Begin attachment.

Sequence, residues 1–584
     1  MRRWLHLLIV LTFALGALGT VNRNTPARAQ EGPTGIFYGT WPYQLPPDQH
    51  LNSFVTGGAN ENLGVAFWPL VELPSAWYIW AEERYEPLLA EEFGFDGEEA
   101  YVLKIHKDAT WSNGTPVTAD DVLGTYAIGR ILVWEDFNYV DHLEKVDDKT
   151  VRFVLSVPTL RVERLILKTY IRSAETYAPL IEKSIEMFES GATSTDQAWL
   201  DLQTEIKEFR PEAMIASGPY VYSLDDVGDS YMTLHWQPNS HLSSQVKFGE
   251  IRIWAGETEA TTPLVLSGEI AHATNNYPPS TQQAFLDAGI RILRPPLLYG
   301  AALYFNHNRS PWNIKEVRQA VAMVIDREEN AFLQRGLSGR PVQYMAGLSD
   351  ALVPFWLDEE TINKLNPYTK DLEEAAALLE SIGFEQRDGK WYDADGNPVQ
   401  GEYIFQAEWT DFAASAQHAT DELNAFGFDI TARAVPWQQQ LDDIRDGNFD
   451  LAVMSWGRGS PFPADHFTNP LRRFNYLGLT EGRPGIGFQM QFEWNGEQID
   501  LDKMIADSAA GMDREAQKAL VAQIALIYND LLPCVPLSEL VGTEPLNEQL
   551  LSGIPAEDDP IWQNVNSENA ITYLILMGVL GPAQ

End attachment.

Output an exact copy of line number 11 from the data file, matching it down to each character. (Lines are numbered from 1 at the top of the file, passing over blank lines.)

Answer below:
   451  LAVMSWGRGS PFPADHFTNP LRRFNYLGLT EGRPGIGFQM QFEWNGEQID